Do you like salt? Well, I don’t so much, but salt is everywhere and it is in everything practically. I was happy to get this preview/recipe from my Powell’s Indiespensable subscription, even though I don’t like fish or salt. Anyway, I thought I’d share. It sounds fun to make. The special Cyprus Hardwood salt is available from The Meadow a company in Portland, Oregon. If you try the recipe, be sure to let me know. I’m going to wait for my mom to catch a salmon so she can try this! Click on the recipe to see a larger version that is easier to read. :)
“Devil in the Details: Scenes From an Obsessive Girlhood” by Jennifer Traig will tickle your inner OCD child if you have one. I’m not a full blown OCD person, but I can relate to some of what Traig writes about, and she shows us with much wit what a full blown disorder is like. It is great that she has such a wonderful sense of humor about a disorder that is so crippling to her and so many millions of people like her. For those who don’t understand Obsessive-Compulsive Disorder, this gives a good glimpse into a life that is severely train-wrecked by it. I give this four stars instead of five, because I found the ending a bit weak compared to the rest of the book that kept me enthralled. My only unanswered question is: am I the only one who noticed that the candies on the cover of the book aren’t COMPLETELY straight???!!! haha. ( )
“The Shiniest Jewel: A Family Love Story,” by Marian Henley is a graphic novel that you won’t want to put down! The story of adoption, life, love, etc. told in adorable cartoons. If you have never read a graphic novel, you should start with this one. You won’t be disappointed. Maybe you are thinking “I’m an adult, I don’t do cartoon books! I need small type, 500+ pages and footnotes to believe I’m really reading.” haha. Don’t be silly. Really, you don’t need to prove to anyone how serious a reader you are! Indulge in some chocolate here! Besides, this book IS serious!
“Major Problems In the History of American Families and Children” edited by Anya Jabour is one of the books in the Houghton Mifflin ‘Major Problems in American History’ series. The book is a tremendous resource of both primary source documents and academic writings on the subject of American families and children. The book helps to train college students to look for primary sources and how to evaluate those sources by providing examples of discourse related to many of the primary sources in the book. The primary sources in the book are interesting and provoked further exploration of topics which include families in bondage, Native American, Victorian, frontier, Civil War and immigrant families to name a few. It also tackles the case of orphans, families of the 1950’s, the welfare system and late 20th century family politics. An example of what a good textbook should look and operate like. Bravo! ( )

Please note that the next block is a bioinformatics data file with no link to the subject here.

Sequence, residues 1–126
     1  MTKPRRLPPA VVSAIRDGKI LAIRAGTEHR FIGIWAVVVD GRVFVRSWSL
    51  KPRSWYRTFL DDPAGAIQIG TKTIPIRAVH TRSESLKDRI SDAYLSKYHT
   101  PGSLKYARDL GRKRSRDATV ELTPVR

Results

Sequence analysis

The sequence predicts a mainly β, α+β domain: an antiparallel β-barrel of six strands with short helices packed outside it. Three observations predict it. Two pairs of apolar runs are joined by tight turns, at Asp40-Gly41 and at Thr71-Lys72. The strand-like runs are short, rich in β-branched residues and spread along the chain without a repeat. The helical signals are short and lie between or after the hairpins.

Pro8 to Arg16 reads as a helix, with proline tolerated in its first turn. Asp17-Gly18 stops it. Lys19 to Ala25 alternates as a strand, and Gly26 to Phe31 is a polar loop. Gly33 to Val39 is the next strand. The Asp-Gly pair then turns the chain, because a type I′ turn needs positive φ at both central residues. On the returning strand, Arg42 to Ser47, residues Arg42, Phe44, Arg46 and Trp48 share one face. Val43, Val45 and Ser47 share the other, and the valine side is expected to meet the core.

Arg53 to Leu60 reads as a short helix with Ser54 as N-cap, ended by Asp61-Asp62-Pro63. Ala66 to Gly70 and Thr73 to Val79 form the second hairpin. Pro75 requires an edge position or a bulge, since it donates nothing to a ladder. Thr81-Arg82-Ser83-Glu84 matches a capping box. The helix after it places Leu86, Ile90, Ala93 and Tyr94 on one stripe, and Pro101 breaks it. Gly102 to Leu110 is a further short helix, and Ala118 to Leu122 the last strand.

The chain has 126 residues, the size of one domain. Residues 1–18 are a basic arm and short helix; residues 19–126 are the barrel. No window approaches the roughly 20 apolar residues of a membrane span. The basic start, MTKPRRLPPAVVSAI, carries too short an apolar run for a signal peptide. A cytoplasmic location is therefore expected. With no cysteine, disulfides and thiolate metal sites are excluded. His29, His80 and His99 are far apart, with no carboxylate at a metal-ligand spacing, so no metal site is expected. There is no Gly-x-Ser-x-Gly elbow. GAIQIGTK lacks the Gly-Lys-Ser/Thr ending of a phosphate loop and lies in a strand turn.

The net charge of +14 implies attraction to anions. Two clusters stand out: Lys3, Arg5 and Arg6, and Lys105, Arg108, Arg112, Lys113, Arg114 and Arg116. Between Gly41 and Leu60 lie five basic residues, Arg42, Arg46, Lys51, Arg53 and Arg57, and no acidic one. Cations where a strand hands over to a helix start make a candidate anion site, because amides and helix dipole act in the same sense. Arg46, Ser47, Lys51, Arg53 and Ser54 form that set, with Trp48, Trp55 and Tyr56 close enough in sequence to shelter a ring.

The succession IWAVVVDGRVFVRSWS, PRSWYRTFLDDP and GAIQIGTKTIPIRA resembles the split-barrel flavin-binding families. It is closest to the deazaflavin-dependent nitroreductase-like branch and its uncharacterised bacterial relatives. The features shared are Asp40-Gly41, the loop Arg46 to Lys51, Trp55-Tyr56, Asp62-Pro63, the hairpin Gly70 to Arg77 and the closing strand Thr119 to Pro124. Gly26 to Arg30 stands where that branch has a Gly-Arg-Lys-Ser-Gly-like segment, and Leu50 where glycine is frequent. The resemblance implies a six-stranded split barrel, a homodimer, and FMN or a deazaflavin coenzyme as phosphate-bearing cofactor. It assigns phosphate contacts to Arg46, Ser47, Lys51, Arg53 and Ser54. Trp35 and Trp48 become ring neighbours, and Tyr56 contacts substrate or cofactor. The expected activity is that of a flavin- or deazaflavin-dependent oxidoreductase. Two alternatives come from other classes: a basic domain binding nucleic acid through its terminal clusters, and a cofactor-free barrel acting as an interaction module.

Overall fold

“I Know Why the Caged Bird Sings” is Maya Angelou’s memoir of her life up until about her early twenties. Mostly set in the South, she tells of a semi-impoverished childhood in an early 20th century America that is still reeling from the legacy of slavery. Perhaps what is most striking about this memoir is that it was written in the 20th century, but the life she describes is very different than what people experienced even a mere 50 years later. The story is engrossing and at times horrifying, but always interesting. The only reason why I give this book four stars instead of five is that I felt the ending was a bit of a let down–perhaps because I wanted to read more. This book is well worth your time and effort and is an example of why Maya Angelou is so renowned. ( )
“The False Friend” by Myla Goldberg is a novel about friendships, trauma and memory and how we can be betrayed by all three. The main character is a young, professional woman named Celia who goes back home to disclose her truth about what happened to her best friend, Djuna, in junior high. The writing was pretty good, but it seemed the novel lacked some depth. I did enjoy reading the book, but was a bit disappointed by the ending. Not my favorite book of all time, but I have read much worse. If you are in the mood for a light read with a fairly interesting story, then you might like this book. ( )
“Packing for Mars: The Curious Science of Life in the Void” by Mary Roach will probably make a wanna-be astronaut out of you if you aren’t already! Simply put, this book is FANTASTIC! I fell in love with the idea of space travel all over again. Roach’s writing is top notch and very humorous. This book was a joy to read and it makes me want to have a bake sale to help fund space missions or something. People often ask “why go to space when there are so many problems on THIS planet?!?” and I think that Mary Roach has an answer for them. Get this book and read it! I can’t imagine anyone not loving it! ( )
“The Shallows: What the Internet is Doing to Our Brains” by Nicholas Carr is a terrific and fascinating book. I couldn’t put it down. It would be easy to dismiss Carr and say “oh yah, whatever, the internet is making us all dumb, riiiiiiight,” but his case is compelling and hard to dismiss. He isn’t even so much saying that technology is bad at all. His point seems to be that we should be more mindful of the impact that technology has on us. Only Carr talks about it with interesting and thought-provoking examples from ancient history to current psycho-biology! You’d do well to read this book in print and NOT on an ebook reader too!
This book is engaging, well written and thought-provoking. If you really believe you are getting so many things done by doing 100 things at once, you should pick up this book and think again. Well worth the thoughtful contemplation time. ( )